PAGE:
Monday, June 16, 2008

Having Chinese Friends

The last few days I've been saying goodbye at rapid-fire pace. I said goodbye to my language partner and gave her my US phone number so she can call me when she gets to America this fall and needs help. I said goodbye to a family here who's moving back to the States. Then I said goodbye to my Chinese family, the Xiongs, and tried to explain how much they had helped me, but I don't know if my Chinese carried the thought. I said goodbye to everyone at the Sunday Fellowship, and to the few people left from my spring program.

And then this afternoon, after I mailed the suitcase I left here to Beijing, I went to say goodbye to the Chinese people James and I met when we climbed Emei Mountain, right before the earthquake. They live in a rural county outside of Chengdu, but after a lot of hard work (and frustration at how inadequate my Chinese is) I met up with them in their home town.

Dinner together was fantastic. The whole spring semester I didn't have many Chinese friends because my Chinese wasn't good enough to have friends who didn't speak English. I was too much hassle for myself and them. I expected my time to be like that, where I would be lost and unhappy and they wouldn't know how to say things that I could understand, but my Chinese is not what it once was!

As much as I feel how bad my Chinese is--and I feel it, like today when someone complimented how good my Chinese was and I didn't understand what they meant--my Chinese is also almost up to the challenge of having friends. I can just imagine arriving in Beijing in a week or two and being able to make friends with people I meet there!

So we had dinner, and they carried the conversation, obviously, but I could keep up pretty well as we talked about the earthquake, and natural disasters in general, and the Euro Cup (learning Chinese keeps you on top of world events). I told them about my travels, and they eventually understood some of my stories. We ate weird food, and I ate some vegetables that were just supposed to be for show, but they just laughed with me. I toasted various things and was introduced to old friends who happened by the restaurant.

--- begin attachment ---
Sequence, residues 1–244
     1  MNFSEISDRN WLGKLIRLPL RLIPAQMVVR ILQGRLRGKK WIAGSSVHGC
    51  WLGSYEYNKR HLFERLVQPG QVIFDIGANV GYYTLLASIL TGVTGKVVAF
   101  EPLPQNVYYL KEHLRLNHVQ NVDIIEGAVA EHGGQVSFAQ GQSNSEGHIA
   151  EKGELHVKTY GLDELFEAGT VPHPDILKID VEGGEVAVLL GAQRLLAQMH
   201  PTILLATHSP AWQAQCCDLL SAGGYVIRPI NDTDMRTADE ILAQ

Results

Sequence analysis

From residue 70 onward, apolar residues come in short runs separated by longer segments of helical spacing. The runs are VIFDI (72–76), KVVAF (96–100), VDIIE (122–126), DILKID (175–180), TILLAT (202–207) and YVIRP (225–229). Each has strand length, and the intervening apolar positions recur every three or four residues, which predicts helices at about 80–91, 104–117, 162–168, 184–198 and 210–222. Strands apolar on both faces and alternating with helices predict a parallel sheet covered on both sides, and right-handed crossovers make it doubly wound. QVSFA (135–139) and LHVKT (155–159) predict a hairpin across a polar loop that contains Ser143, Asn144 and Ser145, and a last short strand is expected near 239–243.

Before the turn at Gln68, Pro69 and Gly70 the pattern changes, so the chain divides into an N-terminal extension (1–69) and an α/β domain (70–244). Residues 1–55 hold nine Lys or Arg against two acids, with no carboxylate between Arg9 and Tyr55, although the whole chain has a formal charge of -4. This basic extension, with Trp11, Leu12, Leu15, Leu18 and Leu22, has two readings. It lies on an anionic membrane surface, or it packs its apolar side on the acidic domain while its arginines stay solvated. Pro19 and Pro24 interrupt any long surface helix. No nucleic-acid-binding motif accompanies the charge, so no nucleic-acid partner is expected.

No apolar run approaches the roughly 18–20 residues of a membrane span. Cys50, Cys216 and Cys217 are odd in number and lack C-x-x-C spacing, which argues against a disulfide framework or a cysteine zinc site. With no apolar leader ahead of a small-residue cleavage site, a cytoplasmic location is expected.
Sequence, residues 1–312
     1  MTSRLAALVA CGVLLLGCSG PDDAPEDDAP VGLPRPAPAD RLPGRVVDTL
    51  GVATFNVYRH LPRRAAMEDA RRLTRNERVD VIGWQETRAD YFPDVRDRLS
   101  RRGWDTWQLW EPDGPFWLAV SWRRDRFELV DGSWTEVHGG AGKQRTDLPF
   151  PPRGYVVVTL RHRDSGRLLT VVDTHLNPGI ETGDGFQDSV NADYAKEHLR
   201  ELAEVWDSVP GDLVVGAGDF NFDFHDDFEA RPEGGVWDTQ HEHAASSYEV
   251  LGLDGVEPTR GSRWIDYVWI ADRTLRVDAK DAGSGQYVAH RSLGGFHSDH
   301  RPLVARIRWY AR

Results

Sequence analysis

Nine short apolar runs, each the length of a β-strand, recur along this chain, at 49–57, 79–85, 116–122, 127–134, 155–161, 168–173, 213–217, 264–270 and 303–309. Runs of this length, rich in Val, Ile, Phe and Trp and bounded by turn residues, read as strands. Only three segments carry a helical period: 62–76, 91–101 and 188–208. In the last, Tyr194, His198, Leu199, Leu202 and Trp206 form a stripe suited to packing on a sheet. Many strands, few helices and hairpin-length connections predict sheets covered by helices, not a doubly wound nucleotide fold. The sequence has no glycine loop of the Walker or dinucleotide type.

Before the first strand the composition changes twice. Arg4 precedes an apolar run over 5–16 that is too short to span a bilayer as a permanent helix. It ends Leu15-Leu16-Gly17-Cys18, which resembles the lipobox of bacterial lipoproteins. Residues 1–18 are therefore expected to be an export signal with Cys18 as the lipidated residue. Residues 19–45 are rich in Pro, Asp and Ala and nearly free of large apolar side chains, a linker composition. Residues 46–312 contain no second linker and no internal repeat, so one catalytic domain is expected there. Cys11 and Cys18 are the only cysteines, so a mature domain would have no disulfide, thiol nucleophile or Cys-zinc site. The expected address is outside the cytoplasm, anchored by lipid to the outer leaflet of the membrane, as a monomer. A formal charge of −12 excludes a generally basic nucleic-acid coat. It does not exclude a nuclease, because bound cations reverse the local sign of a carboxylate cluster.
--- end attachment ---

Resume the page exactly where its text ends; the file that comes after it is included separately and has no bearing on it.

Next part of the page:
If they all jumped off a cliff, I would have too. As it is, I'm the example that kids shouldn't give into peer pressure:

Then they drove me back themselves, and we were talking about things the whole way back. A sunroof is a "sky window" in Chinese, which sounded so logical that I promptly forgot the English word for a few minutes. They told me the names they had given themselves in English. I tried to explain that even though in Chinese any word can be a name, that's not the same in English. So no, Rena and Yook were not suitable names.

We promised to see each other again if we ever happened by Chengdu or Orlando. And then we said goodbye, and it was like when real friends say goodbye. A fitting end for my last day in Chengdu.


Sheri said...

oh dear. I'm sitting in public, reading your post, snorting in laughter at that photo of you and the frog, is it?? How embarrassing to be laughing when no one can tell waht is funny.
Your description of saying goodbyes was so poignant- glad to hear how after all your language level has gotten to the point where you are able to connect with people. Is that what language learning is truly about? Not just the cool intellectual exercise of understanding new words and making sentences, but interacting with people and seeing their thinking and their hearts?!
And after another whole semester... whoa. you're gonna be amazing!

Sheri said...

you know, I'm thinking the frog in mouth photo would make an excellent facebook profile photo, don't you think so??